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(Outdated! Kept here for archive purposes only)

How to display and edit Chinese on English Windows systems

Version 1.0

Table of Contents

  1. Introduction
  2. System requirements
  3. Software Installation
  4. Working with Chinese
    1. Two-byte encoding and Win32 applications
    2. About pinyin input
    3. Word processing
    4. Web surfing
    5. Web page authoring
    6. Emailing
    7. File/folder names
    8. Windows console
    9. Important reminder
    10. Displaying PDF files
    11. (Unix) Shell access through Telnet/SSH
  5. Unicode to GB/Big5 text converssion
  6. Other resources
  7. Disclaimer

1. Introduction

This tutorial is intended for those who are new to Chinese computing on the Windows95/98/NT4.0/2000/XP platforms (English version).  It provides information on how to use the resources available on the Internet to add Chinese capability to your machine. If you follow the instructions successfully, you will be able to do the following on the Windows (English version) platform:

  • Display Chinese in web browsers;
  • Edit Chinese documents using such applications as Microsoft Word97/2000/XP and NJStar, etc.;
  • Create Chinese webpages using such authoring tools as Dreamweaver, etc.;
  • Send/read Chinese email messages;
  • Use Chinese file/folder names on your windows system; and
  • Have shell access to a Unix box through either telnet or SSH with (limited) Chinese support.

Note that the instructions in this tutorial will apply to both GB (simplified) and Big5 (traditional) encoded Chinese. I will not make a distinction between the two unless necessary. It is recommended that you install all the software as suggested in this tutorial so that you will have an English windows system with comparable Chinese capabilities as its localized Chinese counterpart.

Note also that this tutorial describes one possible approach to Chinese computing on the Windows platform (English version). Other alternatives do exist.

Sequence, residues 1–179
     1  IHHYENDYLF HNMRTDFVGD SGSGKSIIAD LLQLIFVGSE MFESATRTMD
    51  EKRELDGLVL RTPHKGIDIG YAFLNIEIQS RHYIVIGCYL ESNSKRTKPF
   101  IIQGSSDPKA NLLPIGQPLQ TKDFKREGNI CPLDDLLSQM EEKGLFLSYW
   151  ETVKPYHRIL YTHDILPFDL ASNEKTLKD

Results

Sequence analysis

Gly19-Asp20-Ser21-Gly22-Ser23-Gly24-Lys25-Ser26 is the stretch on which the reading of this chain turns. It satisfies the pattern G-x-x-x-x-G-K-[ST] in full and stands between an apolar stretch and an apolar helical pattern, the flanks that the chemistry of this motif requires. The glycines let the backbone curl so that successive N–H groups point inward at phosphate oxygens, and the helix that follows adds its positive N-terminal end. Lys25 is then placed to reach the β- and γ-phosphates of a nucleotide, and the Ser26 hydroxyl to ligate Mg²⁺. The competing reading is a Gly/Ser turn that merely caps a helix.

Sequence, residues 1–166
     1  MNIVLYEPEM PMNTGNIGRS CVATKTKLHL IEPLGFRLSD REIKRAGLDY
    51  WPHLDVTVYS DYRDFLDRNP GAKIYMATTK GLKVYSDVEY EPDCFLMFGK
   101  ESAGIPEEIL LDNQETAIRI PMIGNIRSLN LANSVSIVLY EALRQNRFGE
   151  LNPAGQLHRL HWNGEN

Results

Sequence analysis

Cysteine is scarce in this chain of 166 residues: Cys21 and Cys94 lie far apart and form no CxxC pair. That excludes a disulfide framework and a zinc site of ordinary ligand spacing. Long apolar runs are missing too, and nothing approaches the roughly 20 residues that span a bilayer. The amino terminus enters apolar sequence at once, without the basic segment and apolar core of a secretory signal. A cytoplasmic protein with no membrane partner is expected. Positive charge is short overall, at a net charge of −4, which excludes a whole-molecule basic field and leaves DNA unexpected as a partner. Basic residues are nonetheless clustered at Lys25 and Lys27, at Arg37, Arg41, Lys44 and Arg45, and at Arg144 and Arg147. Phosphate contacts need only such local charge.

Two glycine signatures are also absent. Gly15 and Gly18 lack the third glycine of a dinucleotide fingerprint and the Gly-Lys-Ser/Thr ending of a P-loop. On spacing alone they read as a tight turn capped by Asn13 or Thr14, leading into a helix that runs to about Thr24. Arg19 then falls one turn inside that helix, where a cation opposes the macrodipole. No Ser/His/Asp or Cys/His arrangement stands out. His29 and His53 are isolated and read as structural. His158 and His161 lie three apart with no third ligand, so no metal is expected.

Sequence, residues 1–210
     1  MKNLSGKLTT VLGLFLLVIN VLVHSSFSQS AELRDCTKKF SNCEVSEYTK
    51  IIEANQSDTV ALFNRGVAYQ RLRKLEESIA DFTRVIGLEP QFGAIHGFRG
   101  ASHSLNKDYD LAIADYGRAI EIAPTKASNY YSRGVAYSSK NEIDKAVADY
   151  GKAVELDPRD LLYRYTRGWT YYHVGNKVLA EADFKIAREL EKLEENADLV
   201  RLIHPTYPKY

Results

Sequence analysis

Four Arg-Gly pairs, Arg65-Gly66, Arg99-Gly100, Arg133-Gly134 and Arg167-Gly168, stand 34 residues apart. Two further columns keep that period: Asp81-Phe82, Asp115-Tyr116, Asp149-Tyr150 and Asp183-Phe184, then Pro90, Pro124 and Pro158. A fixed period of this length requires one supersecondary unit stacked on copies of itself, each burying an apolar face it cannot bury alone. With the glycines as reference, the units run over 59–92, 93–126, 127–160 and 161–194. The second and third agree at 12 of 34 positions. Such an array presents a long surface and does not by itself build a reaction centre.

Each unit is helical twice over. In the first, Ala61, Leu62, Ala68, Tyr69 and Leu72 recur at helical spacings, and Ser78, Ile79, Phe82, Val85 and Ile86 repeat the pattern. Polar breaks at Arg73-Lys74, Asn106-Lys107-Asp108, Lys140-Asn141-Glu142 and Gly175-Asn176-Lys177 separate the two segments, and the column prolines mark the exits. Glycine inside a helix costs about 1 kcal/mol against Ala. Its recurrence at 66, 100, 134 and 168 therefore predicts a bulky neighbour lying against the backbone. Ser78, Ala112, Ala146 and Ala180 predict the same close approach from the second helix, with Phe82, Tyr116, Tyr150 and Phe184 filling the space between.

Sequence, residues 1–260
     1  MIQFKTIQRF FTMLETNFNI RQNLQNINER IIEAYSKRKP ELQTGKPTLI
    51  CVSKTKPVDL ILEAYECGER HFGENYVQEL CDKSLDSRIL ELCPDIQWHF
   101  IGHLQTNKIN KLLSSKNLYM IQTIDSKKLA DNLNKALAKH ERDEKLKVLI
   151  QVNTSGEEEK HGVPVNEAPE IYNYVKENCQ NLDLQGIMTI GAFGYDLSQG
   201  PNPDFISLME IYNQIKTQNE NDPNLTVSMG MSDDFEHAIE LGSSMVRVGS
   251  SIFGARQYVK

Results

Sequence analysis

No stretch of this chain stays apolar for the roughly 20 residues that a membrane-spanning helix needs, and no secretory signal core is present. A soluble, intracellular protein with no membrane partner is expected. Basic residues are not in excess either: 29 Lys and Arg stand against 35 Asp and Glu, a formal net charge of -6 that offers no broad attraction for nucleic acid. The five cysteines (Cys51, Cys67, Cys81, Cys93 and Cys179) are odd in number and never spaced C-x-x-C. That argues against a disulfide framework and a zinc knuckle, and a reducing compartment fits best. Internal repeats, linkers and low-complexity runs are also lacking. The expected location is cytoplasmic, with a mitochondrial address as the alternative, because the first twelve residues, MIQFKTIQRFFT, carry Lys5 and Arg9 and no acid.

Before you continue, please read the Disclaimer section first. For comments and suggestions, please use the online form to contact me or send email to

2. System requirements

  • Operating system: Windows95/98/NT4.0/2000/XP (English version);
  • Hardware: Whatever that supports Windows95/98/NT4.0/2000/XP;
  • Web browsers: Netscape Communicator 4 (or better), Microsoft Internet Explorer 5 (or better);
  • Optional (but recommended): Microsoft Office2000/XP or (less preferred) Office97.

3. Software Installation

3.1 Before you begin

Make sure you have Internet Explorer 5 (or better) installed on your PC. To check the version of Internet Explorer running on your PC, you can look at the About Internet Explorer window from Explorer's Help menu.

The latest version of Internet Explorer can be downloaded from Microsoft's website.

3.2 Download and install software

Three packages need to be installed:

  1. Follow the instruction based on your computer's operating system:
    1. Windows2000/XP users: There are two ways to enable Chinese support on your Windows system. Get your Windows2000/XP system CD ready just in case you are prompted.
      1. From Control Panel, open Regional Options. Under the Languages tab, check 'Install files for East Asian languages';
      2. If you have access to your Windows2000/XP (system) CD, you can install the two packages (without input support) in this way: First, open up your Internet Explorer; Then, place the cursor within the browser window, Right-click your mouse and choose Chinese (whether GB or Big5) from the encoding option. You will be prompted to insert your Windows2000 CD. Just follow the instructions on the screen to complete your installation.
    2. Windows9X/NT users: Download free Chinese language support package (click HERE to download) from Microsoft. (Please read the instructions on that page for detailed information!) The two files to be downloaded are called Microsoft Global IME for Chinese (Simplified/Traditional), with filenames as scmondo.exe (for simplified) and  tcmondo.exe (for traditional), respectively. After downloading, just double click on each downloaded file to get them installed. Depending on the windows system you use, you will be prompted to restart your computer. Reboot your computer as instructed. Note that if you have the MS Office97 CD, those two language support packages (without input method support) are also available under the \valuepack\fareast folder.